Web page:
Concert Review: The Shins @ Prospect Park Bandshell - Brooklyn, NY
It had really never occurred to me until the beginning of my freshman year just how incredibly unique The Shins’ sound is. Frontman James Mercer’s voice has not deteriorated even slightly since we first heard him on their once highly anticipated, still widely recognized debut album, Oh, Inverted World, back in 2001. While Mercer has since parted ways with the entire original lineup, which resulted in a hiatus lasting nearly five years, The Shins have always successfully integrated a plethora of musical styles since Mercer formed the band about twenty years ago. This past Thursday, the band certainly did not disappoint at Prospect Park in Brooklyn, New York, as their set included their biggest hits, as well as songs from their most recent album, Heartworms, which was released this past March.
The Shins kicked off their 18-song set with “Caring Is Creepy,” the opener off of their debut album. They followed up with “Australia” and “Name For You,” the second single off of Heartworms. A little later in the show, they played “Saint Simon” and “Kissing the Lipless,” two tracks from, in my opinion, their best album, Chutes Too Narrow. Mercer and company then returned to new material with the melodic and somewhat psychedelic “So Now What” and the catchy “Painting a Hole.” They closed their set with crowd-pleaser “Phantom Limb” and arguably the most epic track in their catalog, “Simple Song,” before returning for an encore.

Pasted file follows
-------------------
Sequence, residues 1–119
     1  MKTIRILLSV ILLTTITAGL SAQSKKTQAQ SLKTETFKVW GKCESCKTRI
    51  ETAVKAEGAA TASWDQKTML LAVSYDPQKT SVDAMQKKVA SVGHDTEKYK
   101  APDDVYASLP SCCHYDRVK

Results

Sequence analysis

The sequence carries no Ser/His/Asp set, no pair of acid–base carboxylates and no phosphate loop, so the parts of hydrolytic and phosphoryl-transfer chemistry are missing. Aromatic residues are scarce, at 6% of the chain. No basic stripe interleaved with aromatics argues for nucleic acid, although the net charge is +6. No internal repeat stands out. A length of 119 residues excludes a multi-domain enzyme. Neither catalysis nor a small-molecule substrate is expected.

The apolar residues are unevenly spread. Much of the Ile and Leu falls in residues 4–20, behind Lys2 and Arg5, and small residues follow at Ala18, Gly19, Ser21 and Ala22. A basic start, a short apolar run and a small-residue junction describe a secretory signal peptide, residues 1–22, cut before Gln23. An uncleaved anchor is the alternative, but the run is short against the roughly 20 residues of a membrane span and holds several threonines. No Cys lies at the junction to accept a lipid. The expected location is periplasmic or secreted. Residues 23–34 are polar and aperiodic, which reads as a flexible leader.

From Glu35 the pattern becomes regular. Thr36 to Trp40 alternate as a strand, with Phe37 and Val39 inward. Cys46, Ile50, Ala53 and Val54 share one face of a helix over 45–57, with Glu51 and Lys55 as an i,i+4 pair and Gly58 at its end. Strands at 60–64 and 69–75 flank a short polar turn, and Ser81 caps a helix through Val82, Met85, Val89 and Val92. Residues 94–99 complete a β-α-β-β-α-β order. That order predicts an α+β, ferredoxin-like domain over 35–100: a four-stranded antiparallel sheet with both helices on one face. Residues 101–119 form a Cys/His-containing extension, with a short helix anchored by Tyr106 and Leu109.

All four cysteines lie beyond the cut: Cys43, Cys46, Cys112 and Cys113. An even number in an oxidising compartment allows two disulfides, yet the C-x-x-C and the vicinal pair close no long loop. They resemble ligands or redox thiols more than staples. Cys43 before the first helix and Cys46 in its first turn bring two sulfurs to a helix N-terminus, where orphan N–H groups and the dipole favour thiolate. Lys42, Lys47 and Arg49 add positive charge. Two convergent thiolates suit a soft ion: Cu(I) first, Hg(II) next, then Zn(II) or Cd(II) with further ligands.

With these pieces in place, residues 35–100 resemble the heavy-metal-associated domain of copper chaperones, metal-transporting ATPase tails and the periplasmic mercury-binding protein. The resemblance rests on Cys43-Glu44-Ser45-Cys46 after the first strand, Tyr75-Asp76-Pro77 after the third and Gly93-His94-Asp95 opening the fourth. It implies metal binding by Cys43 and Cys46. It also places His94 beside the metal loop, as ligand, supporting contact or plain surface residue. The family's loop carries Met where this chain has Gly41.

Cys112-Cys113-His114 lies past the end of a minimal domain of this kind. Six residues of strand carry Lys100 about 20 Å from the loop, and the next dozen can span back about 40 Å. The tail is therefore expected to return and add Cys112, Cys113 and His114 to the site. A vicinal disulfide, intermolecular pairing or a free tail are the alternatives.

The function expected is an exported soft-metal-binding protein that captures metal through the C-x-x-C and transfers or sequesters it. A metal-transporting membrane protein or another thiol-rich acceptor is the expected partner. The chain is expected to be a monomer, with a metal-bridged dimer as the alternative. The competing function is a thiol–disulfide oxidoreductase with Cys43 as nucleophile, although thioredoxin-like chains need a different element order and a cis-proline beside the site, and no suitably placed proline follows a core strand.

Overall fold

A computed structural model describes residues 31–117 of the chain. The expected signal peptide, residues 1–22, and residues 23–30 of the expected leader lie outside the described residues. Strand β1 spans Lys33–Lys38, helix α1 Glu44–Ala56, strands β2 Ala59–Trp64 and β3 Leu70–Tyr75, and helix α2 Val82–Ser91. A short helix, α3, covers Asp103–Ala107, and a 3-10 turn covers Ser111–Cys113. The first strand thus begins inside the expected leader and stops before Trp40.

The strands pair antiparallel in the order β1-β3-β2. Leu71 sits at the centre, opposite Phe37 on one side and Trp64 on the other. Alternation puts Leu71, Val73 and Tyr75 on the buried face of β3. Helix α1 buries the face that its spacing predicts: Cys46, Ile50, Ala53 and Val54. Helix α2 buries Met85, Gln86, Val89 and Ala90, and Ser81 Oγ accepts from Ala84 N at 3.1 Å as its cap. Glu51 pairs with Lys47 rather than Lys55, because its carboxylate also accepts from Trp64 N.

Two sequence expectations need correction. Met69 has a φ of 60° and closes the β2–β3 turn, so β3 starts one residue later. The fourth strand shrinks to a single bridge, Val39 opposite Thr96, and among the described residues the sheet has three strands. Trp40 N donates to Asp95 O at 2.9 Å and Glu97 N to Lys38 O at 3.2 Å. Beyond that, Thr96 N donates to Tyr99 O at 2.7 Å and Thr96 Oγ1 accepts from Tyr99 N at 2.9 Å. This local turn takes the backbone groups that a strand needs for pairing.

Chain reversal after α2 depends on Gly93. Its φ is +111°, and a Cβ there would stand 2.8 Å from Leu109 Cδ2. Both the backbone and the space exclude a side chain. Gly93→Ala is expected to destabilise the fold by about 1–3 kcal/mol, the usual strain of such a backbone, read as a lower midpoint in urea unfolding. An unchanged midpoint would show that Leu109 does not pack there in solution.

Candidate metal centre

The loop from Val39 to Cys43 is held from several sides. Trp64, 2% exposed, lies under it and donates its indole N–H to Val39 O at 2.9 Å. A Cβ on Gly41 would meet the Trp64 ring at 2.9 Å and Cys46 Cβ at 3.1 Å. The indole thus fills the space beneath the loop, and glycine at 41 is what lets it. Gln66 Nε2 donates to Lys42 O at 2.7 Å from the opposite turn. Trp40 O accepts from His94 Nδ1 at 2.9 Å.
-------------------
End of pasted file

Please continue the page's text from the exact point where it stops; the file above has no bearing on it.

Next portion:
The Shins started the encore with “The Fear,” Heartworms’ closer, which features an elegant, yet compelling string section, and they performed it flawlessly. They followed that with their most popular song to date, “New Slang,” as the audience watches in silence, taking it all in. They ended their performance with the ironically-titled “Sleeping Lessons,” as it is the most upbeat and energetic track in their set.
I had been looking forward to seeing The Shins live since hearing the news that they would be releasing their first album in five years. They are certainly not the most flamboyant group of musicians I have ever seen, but it is easy to tell that they enjoy performing live. All in all, I would definitely see them again.